View From Lodi, CA: Key Lime Pie For Christmas!
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[VDARE.COM note: Believe it or not, there are people in Lodi, California, and even among's readers, who tire of an unrelieved diet of immigration reform. Here Joe once again adds something to your diet that any diet requires: food! ]

Joe's Previous Food Columns

05/03/02 - View From Lodi, CA: The Coming Fast Food Fight

03/03/02 - View From Lodi, CA: Bon Appetit, Julia Child!

12/22/01 - Fruitcakes: As Memorable As A Story by Capote

At Thanksgiving I baked a traditional Sweet Potato Pie and a non-traditional Key Lime Pie.

When dessert time rolled around, the votes were eight for Key Lime and zero for Sweet Potato.

This admittedly unprofessional sampling confirmed my long-held theory that while the sweet potato has its place on your Thanksgiving and Christmas table, that place is not in a pastry shell.

As an accompaniment to a baked ham, nothing beats a sweet potato. But even all gussied up with bourbon, cream, maple syrup and every spice on your shelf, you can't disguise a sweet potato.

Do to it what you will, it will never be dessert.

The mere mention of Key Lime Pie, however, transports your guests from the cold and blustery winter to a sunny spot in Southern Florida. The winter blahs vanish, visions of sailboats dance in your head and suddenly you're humming Jimmy Buffet tunes.

Not only does a Key Lime Pie taste better than any other Christmas dessert you might be contemplating but you can make ten of them in the amount of time you'd spend on a Sweet Potato Pie.

And here is the best news of all: with only three ingredients—Key Lime juice, sweetened condensed milk and egg yolks—nothing can go wrong.

Consider the labor intensive and treacherous Sweet Potato Pie. First bake the potatoes, cool them, mash them to death, and add everything but the kitchen sink.

While you're waiting for the potatoes to cool, prepare the pie dough, chill it, then roll it out and place it in your pie dish. Since this is a single crust recipe, you'll have to blind bake it. Puncture your dough, weigh it down, bake it and hope that it isn't the size of a postage stamp when you take it from the oven.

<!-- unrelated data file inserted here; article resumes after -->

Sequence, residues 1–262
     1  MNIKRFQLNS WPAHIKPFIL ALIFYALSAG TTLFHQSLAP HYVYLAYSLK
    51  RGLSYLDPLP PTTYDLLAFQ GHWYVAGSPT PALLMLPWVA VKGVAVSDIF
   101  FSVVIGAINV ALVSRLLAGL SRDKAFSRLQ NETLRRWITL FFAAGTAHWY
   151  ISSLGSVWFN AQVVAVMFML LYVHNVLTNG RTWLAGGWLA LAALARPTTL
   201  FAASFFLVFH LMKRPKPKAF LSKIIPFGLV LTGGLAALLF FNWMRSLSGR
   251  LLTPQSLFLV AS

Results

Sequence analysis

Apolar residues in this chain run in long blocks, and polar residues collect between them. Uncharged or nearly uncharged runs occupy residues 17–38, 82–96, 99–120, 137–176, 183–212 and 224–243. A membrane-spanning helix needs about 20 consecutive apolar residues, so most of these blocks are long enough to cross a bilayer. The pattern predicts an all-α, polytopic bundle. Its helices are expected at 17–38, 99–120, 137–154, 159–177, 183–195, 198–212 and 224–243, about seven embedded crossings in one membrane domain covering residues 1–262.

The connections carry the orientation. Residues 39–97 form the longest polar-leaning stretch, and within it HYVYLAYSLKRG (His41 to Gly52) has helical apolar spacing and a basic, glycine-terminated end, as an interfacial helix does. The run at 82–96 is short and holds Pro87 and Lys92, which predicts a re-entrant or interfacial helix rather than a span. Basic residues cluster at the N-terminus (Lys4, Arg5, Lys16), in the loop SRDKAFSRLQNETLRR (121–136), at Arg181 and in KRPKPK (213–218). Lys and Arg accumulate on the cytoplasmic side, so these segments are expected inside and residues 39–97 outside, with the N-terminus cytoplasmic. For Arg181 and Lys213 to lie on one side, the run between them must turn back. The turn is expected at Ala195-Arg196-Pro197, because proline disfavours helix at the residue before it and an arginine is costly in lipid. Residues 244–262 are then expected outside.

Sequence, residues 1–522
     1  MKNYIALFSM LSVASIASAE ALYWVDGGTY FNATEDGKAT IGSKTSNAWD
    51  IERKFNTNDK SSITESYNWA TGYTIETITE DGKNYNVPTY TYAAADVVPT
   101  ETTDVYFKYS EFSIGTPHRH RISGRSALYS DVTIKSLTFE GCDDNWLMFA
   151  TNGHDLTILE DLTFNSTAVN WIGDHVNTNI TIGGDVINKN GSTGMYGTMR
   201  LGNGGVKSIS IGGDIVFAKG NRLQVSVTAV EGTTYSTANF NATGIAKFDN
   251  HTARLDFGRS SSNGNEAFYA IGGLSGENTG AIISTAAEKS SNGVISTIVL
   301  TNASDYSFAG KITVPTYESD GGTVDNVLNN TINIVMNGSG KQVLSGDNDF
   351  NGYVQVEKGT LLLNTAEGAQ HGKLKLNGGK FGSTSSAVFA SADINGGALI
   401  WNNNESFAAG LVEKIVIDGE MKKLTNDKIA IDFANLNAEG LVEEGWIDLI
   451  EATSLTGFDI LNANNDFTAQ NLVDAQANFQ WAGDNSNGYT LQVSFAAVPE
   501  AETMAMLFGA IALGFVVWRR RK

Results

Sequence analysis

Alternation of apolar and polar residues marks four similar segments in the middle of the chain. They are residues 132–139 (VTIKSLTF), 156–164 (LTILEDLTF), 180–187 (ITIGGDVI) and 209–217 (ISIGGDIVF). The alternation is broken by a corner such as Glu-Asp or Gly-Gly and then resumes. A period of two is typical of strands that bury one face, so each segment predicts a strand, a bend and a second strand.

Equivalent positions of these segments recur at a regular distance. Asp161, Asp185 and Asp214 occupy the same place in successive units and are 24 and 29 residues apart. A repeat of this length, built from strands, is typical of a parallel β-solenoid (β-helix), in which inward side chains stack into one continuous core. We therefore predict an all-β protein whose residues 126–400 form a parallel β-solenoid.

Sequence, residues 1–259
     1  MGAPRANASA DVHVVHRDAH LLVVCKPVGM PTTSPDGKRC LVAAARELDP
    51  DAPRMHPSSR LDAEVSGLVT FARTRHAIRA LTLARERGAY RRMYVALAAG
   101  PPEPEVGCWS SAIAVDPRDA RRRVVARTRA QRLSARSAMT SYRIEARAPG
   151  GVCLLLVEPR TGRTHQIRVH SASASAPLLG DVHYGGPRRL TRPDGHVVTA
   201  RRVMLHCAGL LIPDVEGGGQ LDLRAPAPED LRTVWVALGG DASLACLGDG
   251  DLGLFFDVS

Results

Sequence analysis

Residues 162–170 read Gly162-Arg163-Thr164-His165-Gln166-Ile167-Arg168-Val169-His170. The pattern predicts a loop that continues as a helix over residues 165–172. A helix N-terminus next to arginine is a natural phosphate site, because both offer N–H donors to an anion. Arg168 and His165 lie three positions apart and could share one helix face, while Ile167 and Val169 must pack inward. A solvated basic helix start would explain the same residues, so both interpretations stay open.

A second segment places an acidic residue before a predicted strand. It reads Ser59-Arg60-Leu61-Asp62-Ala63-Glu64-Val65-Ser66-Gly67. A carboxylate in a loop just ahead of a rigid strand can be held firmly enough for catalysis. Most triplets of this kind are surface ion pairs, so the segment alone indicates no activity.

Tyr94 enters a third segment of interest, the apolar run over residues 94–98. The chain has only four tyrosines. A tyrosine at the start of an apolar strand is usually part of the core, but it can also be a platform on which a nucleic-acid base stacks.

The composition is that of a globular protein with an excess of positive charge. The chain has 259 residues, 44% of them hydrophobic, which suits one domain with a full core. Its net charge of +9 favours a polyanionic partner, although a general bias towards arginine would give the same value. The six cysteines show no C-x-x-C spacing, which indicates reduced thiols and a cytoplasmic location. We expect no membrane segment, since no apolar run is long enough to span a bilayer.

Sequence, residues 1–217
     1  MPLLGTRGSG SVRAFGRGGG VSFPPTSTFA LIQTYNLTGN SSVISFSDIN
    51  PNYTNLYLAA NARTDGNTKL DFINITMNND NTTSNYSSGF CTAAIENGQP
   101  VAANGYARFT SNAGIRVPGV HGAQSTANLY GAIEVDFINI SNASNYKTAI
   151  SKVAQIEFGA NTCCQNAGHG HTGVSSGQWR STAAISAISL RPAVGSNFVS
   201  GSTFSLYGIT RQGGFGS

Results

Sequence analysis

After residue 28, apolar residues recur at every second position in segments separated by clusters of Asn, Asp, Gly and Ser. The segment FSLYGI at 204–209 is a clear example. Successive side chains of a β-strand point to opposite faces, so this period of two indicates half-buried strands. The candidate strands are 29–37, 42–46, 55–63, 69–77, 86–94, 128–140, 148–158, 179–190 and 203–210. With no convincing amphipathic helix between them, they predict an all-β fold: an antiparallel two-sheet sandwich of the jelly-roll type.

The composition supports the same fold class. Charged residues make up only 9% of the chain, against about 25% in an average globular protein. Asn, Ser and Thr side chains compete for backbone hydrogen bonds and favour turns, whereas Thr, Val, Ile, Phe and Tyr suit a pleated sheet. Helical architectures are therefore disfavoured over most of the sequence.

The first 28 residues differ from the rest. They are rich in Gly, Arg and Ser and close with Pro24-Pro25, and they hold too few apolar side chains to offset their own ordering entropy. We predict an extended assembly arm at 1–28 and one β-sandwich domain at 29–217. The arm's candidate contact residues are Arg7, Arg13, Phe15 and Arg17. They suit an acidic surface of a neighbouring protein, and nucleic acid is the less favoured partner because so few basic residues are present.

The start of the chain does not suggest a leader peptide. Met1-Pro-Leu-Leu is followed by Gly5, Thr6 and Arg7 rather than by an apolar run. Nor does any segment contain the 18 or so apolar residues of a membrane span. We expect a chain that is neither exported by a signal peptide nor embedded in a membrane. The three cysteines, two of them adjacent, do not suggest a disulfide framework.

While you're doing all that work, I'll just beat four egg yolks, add 2/3 cup of strained Key Lime juice and a can of sweetened condensed milk. Then I'll pour the mixture into a foolproof graham cracker crust and bake for 10 minutes.

Key Lime Pie, like other favorite dishes, generates heated debates among aficionados. While it is impossible to resolve these conflicted opinions, I will offer my insights for your consideration.

Issue #1—Should the pie be served in a graham cracker crust or a pastry shell? If you have a Conch at your house, present your pie in a pastry crust. Floridians insist on it. Otherwise, unless you have piecrust mastery, choose the easy way. Use a graham cracker crust. Add a little lime zest for extra flavor.

Issue #2— Should your topping be whipped cream or meringue? This is truly a no-brainer. A large dollop of whipped cream (not Kool-Whip!) is the only way to go.

Issue #3—Should your pie be frozen before serving? Since the filling is soft, a brief fifteen-minute stint in the freezer will improve the texture. Do not leave it any longer. You're serving  pie, not a Popsicle.

Here are a few other hints to ensure the best results. Squeezing a key lime is no day at the beach. They are small, tough and loaded with seeds. Get a lime squeezer to ease your task. Be sure to strain the juice.

For your crust and whipped cream topping, use the zest from the better-known and more colorful Persian lime. Put about two teaspoons of zest in your crust. And sprinkle lime zest on the whipped cream before serving.

Key Limes are available throughout California. But if you can't get them, do not substitute foul tasting bottled key lime juice. Use instead 1/3 cup of lemon juice and 1/3 cup of Persian Lime juice.

Incase you can't break with tradition at Christmas, this pie will taste great while you're watching the Orange Bowl.

Here is the recipe:

  • One baked and cooled graham cracker crust

  • One can of sweetened condensed milk

  • Four egg yolks

  • 2/3 Cup strained Key Lime Juice

Beat the egg yolks for about five minutes, add the sweetened condensed milk and the Key Lime juice and blend.

Pour the mixture into the pie shell and bake at 350 for ten minutes or until barely set.

Cool completely on a wire wrack. Then cover and refrigerate for at least four hours but preferably overnight.

Merry Christmas to one and all!

Joe Guzzardi [email him], an instructor in English at the Lodi Adult School, has been writing a weekly column since 1988. It currently appears in the Lodi News-Sentinel.

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